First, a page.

Formation of persons and culture

Anti-life “conveniences” are only one facet of the evil we face, of course. The very understanding of human nature in its inherent givenness and goodness is under an ever-expanding attack which proves once again its diabolical origins. It seems that everything good about us must be almost jealously damaged, defaced, and destroyed. In a very deficient sense of the term, this is done always in the name of freedom. But this is a freedom in the evil spirit of non serviam: I will not serve! It ought to be obvious by its very vindictiveness that this tearing down of everything good is actually a way of imposing an abject recognition of Satan’s power. It leads to Satan’s victory, which is our despair.

Political/juridical victories are important for the relief they provide and because they are formative. But as with any human discipline, it is far harder to restore order once disorder has been permitted than it is to maintain order from the first. Our culture has been cut adrift from authentic order, and this has obviously begun with the destruction of permanency in marriage and family life, now extending even to a horror of both our reproductive powers and the “constraints” of committed love. It is very good to have a judicial victory, and it is good that this will enable us to fight for hundreds of legal victories around the United States with a better chance of winning. But we know how far moral vision has fled in the regions most affected by our dominant secular culture, including our churches—including within the members and many leaders of even the Catholic Church herself.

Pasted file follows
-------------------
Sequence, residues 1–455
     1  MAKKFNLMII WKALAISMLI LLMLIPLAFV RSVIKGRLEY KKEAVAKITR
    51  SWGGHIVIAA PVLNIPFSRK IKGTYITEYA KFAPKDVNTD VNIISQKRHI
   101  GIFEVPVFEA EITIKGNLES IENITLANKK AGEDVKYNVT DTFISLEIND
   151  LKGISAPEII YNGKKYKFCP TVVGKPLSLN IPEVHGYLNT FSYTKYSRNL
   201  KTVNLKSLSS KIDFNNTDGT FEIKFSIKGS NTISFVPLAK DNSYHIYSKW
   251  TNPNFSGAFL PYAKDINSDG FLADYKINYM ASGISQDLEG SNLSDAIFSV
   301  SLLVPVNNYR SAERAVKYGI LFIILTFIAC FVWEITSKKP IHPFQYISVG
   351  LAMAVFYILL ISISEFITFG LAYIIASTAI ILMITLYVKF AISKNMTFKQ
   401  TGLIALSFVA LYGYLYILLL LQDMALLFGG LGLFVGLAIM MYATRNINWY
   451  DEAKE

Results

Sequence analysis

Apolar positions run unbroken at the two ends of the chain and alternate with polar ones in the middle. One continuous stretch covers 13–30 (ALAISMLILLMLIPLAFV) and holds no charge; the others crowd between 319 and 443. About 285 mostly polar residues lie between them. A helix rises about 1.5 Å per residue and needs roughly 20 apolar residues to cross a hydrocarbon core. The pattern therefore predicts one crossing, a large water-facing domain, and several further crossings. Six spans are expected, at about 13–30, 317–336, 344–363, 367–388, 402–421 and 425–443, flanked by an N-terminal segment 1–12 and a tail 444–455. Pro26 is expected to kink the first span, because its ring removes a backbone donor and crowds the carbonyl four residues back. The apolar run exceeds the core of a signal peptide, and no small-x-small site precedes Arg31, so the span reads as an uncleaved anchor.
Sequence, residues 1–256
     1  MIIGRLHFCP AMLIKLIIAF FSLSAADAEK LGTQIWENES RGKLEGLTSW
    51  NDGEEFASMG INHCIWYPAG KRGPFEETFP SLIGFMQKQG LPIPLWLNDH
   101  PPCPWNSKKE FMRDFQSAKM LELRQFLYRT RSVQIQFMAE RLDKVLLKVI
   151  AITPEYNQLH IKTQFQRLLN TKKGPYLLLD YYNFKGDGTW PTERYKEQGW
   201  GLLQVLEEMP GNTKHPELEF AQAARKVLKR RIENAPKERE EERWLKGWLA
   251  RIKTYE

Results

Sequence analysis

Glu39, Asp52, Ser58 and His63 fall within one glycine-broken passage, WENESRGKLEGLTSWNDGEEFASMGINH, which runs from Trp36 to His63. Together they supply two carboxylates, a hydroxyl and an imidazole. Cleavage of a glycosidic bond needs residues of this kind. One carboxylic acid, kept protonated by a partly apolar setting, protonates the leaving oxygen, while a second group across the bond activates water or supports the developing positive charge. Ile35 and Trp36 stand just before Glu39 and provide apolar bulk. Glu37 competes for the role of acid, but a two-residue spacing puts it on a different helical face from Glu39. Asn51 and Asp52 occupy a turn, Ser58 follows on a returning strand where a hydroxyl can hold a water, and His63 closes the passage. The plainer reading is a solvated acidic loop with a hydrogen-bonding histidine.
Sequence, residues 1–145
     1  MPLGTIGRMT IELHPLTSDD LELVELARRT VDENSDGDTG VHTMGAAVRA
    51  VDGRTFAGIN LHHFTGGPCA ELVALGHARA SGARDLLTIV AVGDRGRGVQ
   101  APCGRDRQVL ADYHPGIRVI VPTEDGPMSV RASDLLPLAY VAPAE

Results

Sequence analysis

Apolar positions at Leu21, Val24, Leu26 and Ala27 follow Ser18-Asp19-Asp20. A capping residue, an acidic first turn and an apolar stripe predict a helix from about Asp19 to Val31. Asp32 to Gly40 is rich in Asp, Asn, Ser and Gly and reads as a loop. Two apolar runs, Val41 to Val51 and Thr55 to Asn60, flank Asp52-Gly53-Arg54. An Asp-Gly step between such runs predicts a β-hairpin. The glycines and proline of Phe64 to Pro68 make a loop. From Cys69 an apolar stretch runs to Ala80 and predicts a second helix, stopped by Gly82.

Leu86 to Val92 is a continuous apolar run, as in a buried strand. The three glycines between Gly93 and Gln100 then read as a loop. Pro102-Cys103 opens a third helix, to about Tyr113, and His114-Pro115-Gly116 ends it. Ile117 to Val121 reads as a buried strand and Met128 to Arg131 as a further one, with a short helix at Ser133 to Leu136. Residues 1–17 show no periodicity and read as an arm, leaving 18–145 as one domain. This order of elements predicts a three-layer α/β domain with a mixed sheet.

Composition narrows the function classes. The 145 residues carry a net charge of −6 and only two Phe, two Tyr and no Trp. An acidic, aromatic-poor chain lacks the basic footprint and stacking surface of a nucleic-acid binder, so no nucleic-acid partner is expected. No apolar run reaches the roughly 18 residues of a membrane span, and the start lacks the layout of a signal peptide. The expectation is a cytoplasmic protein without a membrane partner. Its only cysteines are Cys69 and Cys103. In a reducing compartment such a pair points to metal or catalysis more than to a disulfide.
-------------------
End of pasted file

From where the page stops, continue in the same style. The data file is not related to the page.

Consequently, an even more important spiritual battle must be fought more aggressively as well, without neglecting the political and juridical. We have a long way to go before the United States will have genuinely widespread freedom of education. We have a longer way to go before family life is seen clearly again, and restored through a grace, generosity, and life-long fidelity not only present in the hearts of couples but supported by law. The need for Christian renewal and the need for a sound educational formation throughout the social order are paramount.

We must remember that we had decent laws once, and that we even once opposed secular ideologies on the battlefields of Europe. Yet our own culture and our own spirituality were even then, as history proved, on the verge of collapse. This is sobering, and it cannot be reversed by a single victory nor, for that matter, can virtue ever be reduced to law and politics. Such are my reflections on a welcome decision by our Supreme Court: We have a long way to go before we can have the least bit of spiritual or even cultural security in that ruling.